I'm using EF 5 Database first approach in my MVC application. all of my tables uses a Field called Deleted which is a boolean field to mark a record is deleted.

I'm trying to get rid of the requirement of having to check Deleted == false every time I query my database. The very straightforward way of doing this is to use a conditional mapping in the edmx file where EF always return data that are not deleted. That's all good.

But the problem of doing this condition mapping is that, when I want to allow the user to delete some record for e.g Address from their address book I don't have access to Delete field from EF as I used it in the conditional mapping and therefore I have to look for another option to allow user to delete a record.

The way I thought is to create a stored proc that handle the delete query and call it when I want to delete the record.

Is there a better way of doing this? Is it possible to make the Delete field accessible even it is used in the conditional mapping?


I have a working solution for Soft Delete in Entity Framework Code First that may help.

The key is that you add a discriminator to every model that you want to be able to soft delete. In code first that is done like this:

modelBuilder.Entity<Foo>().Map(m => m.Requires("IsDeleted").HasValue(false));

This makes it invisible to the context and therefore you have to do the deletes using sql.

If this is the equivalent of your "conditional mapping" in Database First then one way to modify the sql is to override SaveChanges and run sql from there:

public override int SaveChanges()
   foreach (var entry in ChangeTracker.Entries()
             .Where(p => p.State == EntityState.Deleted 
             && p.Entity is ModelBase))//I do have a base class for entities with a single 
                                       //"ID" property - all my entities derive from this, 
                                       //but you could use ISoftDelete here

    return base.SaveChanges();

private void SoftDelete(DbEntityEntry entry)
    var e = entry.Entity as ModelBase;
    string tableName = GetTableName(e.GetType());
             String.Format("UPDATE {0} SET IsDeleted = 1 WHERE ID = @id", tableName)
             , new SqlParameter("id", e.ID));

    //Marking it Unchanged prevents the hard delete
    //entry.State = EntityState.Unchanged;
    //So does setting it to Detached:
    //And that is what EF does when it deletes an item
    entry.State = EntityState.Detached;

Method used to Get Table Name explained here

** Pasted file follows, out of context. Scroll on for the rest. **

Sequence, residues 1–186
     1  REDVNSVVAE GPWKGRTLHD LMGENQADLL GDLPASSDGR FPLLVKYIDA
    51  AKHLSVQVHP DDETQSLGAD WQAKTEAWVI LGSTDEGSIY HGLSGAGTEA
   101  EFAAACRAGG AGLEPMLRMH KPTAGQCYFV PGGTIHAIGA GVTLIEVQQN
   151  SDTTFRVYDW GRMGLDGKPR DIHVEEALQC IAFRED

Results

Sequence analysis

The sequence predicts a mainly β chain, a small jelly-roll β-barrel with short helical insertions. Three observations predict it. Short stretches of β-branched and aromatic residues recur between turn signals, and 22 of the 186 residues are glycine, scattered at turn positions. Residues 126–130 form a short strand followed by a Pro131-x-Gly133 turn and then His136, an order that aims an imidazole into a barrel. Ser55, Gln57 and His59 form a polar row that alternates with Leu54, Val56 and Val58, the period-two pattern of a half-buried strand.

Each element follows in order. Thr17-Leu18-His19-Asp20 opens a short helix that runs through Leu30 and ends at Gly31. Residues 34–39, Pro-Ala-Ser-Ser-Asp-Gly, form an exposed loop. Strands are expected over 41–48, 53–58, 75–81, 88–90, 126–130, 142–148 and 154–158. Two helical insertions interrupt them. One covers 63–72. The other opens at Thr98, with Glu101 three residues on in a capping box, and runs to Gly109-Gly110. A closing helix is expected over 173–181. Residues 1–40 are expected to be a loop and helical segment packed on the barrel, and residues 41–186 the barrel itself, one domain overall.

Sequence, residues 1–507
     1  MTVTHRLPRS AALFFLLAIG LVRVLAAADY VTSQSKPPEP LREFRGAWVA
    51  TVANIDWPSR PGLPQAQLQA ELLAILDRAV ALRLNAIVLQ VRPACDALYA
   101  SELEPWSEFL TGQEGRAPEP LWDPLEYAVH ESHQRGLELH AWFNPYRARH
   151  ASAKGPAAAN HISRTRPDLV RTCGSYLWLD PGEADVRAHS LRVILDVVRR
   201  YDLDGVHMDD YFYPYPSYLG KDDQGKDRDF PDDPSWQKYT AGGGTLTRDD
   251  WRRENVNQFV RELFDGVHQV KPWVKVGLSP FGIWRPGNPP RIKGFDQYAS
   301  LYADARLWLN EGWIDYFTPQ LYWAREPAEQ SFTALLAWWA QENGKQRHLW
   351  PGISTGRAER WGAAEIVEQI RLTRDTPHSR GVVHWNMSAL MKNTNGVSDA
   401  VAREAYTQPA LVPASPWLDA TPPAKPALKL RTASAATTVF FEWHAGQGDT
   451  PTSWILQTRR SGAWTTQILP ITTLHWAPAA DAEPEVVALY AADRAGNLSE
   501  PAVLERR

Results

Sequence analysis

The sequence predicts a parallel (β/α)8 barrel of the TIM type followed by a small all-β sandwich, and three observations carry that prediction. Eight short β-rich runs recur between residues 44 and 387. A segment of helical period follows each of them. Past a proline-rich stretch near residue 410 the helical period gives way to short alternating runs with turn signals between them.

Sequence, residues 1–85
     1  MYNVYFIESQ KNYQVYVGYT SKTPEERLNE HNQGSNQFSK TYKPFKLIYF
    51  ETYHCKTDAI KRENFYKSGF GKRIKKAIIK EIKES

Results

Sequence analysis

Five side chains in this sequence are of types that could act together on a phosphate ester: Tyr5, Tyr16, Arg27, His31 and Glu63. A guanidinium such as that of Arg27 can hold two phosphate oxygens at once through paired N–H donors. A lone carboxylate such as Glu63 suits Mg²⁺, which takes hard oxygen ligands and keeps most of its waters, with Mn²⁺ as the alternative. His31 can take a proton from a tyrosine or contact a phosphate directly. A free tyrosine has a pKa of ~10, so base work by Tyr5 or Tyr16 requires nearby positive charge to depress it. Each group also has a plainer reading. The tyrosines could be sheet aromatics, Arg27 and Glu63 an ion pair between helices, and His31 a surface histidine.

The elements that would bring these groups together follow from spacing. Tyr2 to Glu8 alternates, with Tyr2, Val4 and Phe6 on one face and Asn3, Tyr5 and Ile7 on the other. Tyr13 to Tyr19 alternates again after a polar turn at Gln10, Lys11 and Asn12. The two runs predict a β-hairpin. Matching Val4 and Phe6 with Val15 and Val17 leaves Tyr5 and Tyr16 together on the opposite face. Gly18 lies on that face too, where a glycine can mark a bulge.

That is the way I used to do it. Probably irrelevant to your Database First approach in EF5, but I have now moved to doing it in stored procedures. EF6 Code First generates CreateStoredProcedure calls in Migration files. I replace these with this.CreateDeleteProcedure("dbo.Foo_Delete", "[dbo].[Foos]"); - which is a call to my own extension method:

public static class MigrationExtensions
    internal static string DeleteSqlFormat
        //I also hard delete anything deleted more than a day ago in the same table
        get { return "DELETE FROM {0} WHERE IsDeleted = 1 AND DATEADD(DAY, 1, DeletedAt) < GETUTCDATE(); UPDATE {0} SET IsDeleted = 1, DeletedAt = GETUTCDATE() WHERE ID = @ID;"; }

    internal static void CreateDeleteProcedure(this DbMigration migration, string procName, string tableName)
                        p => new
                            ID = p.Int(),

                            string.Format(MigrationExtensions.DeleteSqlFormat, tableName)


  • +1 Very nice solution. – Mike Bailey Oct 8 '13 at 12:57
  • That's the word I was looking for, "Soft Delete". Yes, this seems to be a good solution for code first. Most probably, I'm going to create a dynamic query in a stored proc and use stored procedure mapping in edmx and map the stored procedure I create to Delete. So when I call Delete on the context, it will call that Delete stored procedure I map automatically. – Amila Oct 9 '13 at 11:54
  • Impressive, after searching for a working solution, I've just found one. There were some minor issues in getting the GetTableName to work, the version you posted in the other post needs some minor tweaks to even compile. But this doesn't change the fact that, indeed, this soft delete approach works like a charm. – Wiktor Zychla Oct 11 '13 at 11:00
  • @WiktorZychla Thank-you. I think I neglected to include where I got _ObjectContext from in that post. Corrected now. – Colin Oct 11 '13 at 12:21
  • 1
    I've just made a blog post comparing your working approach to an "almost working approach" and giving you the full credit for this one: netpl.blogspot.com/2013/10/soft-delete-pattern-for-entity.html – Wiktor Zychla Oct 11 '13 at 12:28

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